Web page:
The call doc.ToMarkdown(...) refers to a function defined in a remote package. In order to support a remote jump-to-definition operation (assuming that the remote package has also been indexed), we need to give the definition a stable name that will be the same in both indexes, and we need to emit enough information to determine in what remote index the definition lives.

We create a moniker vertex with a kind property specifying the direction of dependency (import for a remote definition and export for a definition that can be used remotely in other indexes), a scheme property that indicates the source of the moniker, and an identifier property. Moniker identifiers should be unique within the specified scheme in a single LSIF index (such that a two monikers with the same scheme and identifier should refer to the same symbol), but is not necessarily unique across indexes.

We also create a packageInformation vertex that specifies name, manager, and version properties. The value of the name and value properties should refer to the package dependency (in the case of an import moniker), or should refer to the package being provided by the project/document being indexed (in the case of an export moniker). The value fo the manager property should be the name of the package management system (e.g. npm, gomod, pip) providing the package.

Monikers are attached to ranges or result sets via a moniker edge, and package information vertices are attached to moniker vertices via a packageInformation edge, as follows.

{"id": "1", "type": "vertex", "label": "range", "start": {"line": 78, "character": 6}, "end": {"line": 78, "character": 16}}
{"id": "2", "type": "vertex", "label": "moniker", "kind": "import", "scheme": "gomod", "identifier": "github.com/slimsag/godocmd:ToMarkdown"}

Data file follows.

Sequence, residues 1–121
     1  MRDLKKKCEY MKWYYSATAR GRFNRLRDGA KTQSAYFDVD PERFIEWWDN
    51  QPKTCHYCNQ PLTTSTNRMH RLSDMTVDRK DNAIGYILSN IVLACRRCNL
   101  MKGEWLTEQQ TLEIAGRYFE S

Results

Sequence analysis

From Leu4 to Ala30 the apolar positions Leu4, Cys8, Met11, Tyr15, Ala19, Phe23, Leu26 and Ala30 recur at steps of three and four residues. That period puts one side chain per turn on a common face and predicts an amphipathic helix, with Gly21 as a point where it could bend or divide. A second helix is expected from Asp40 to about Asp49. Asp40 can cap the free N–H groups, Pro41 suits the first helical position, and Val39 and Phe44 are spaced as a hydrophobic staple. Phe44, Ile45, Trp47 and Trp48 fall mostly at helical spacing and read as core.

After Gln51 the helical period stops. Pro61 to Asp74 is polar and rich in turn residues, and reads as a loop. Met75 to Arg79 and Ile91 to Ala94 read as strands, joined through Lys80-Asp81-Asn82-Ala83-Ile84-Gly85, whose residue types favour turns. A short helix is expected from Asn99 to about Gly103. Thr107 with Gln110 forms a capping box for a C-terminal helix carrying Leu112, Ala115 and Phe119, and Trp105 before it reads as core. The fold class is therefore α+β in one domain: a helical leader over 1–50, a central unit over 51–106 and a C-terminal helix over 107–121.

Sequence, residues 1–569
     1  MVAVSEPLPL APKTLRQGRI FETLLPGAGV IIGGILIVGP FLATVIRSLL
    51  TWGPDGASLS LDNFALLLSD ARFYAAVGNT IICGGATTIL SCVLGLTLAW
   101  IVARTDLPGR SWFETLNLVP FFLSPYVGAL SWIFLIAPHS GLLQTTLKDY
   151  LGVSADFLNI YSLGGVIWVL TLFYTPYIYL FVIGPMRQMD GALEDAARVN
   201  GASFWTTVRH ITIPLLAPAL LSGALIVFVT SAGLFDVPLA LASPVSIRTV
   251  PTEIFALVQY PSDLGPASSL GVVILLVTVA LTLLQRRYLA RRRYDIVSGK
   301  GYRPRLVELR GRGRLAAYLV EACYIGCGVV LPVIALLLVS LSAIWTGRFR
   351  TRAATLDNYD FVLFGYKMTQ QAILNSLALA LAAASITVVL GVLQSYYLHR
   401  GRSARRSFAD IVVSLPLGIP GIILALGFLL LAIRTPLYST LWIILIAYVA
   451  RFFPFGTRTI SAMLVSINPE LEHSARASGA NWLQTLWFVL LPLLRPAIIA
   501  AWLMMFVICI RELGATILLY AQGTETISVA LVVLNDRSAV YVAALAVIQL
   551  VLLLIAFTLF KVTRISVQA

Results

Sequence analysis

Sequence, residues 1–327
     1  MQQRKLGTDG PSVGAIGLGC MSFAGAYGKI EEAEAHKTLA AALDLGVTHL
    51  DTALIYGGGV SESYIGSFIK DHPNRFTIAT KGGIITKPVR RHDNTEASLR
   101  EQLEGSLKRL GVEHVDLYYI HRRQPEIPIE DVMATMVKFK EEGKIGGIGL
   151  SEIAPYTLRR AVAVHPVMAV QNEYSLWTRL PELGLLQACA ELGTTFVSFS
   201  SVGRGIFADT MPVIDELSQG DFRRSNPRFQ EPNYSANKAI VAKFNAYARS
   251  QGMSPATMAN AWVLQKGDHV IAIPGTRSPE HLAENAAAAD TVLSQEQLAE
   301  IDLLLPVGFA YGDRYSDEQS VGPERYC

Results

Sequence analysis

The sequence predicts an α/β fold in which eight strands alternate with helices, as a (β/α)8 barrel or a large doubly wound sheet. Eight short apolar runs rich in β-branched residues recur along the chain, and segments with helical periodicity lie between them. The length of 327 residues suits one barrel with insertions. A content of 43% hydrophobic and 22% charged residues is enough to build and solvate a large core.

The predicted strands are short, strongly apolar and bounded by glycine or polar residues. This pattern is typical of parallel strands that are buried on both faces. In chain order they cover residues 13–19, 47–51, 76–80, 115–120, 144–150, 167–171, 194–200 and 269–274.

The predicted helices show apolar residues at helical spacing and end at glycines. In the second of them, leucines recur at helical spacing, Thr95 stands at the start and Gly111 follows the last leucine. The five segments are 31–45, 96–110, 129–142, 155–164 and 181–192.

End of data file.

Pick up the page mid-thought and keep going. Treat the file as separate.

{"id": "3", "type": "edge", "label": "moniker", "outV": "1", "inV": "2"}
{"id": "4", "type": "vertex", "label": "packageInformation", "name": "github.com/slimsag/godocmd", "manager": "gomod", "version": "v0.0.0-a1005ad29fe3"}
{"id": "5", "type": "edge", "label": "packageInformation", "outV": "2", "inV": "4"}

This very simple graph fragment can be visualized as follows.

Some tools populate monikers in a multi-pass process. This is how early versions of lsif-go worked, and how lsif-tsc currently works. The first pass will export import and export monikers but no package information. The second pass outputs additional monikers that are correlated with the package information (using the contents of a dependency manifest such as a go.mod file or a package.json).

As an illustrative example, we suppose that the first pass of lsif-go outputs monikers with the go scheme but no package information.

{"id": "1", "type": "vertex", "label": "range", "start": {"line": 78, "character": 6}, "end": {"line": 78, "character": 16}}
{"id": "2", "type": "vertex", "label": "moniker", "kind": "import", "scheme": "go", "identifier": "github.com/slimsag/godocmd:ToMarkdown"}
{"id": "3", "type": "edge", "label": "moniker", "outV": "1", "inV": "2"}

The second pass then reads each moniker from the first pass, correlates the package from the moniker identifier, and outputs a second moniker correlated with package information. Monikers can be attached to other monikers via a nextMoniker edge. This forms a chain of monikers, each of which are atached (indirectly) to a range or set of ranges.

{"id": "100", "type": "vertex", "label": "moniker", "kind": "import", "scheme": "gomod", "identifier": "github.com/slimsag/godocmd:ToMarkdown"}
{"id": "101", "type": "vertex", "label": "packageInformation", "name": "github.com/slimsag/godocmd", "manager": "gomod", "version": "v0.0.0-a1005ad29fe3"}
{"id": "102", "type": "edge", "label": "nextMoniker", "outV": "2", "inV": "100"}
{"id": "103", "type": "edge", "label": "packageInformation", "outV": "100", "inV": "101"}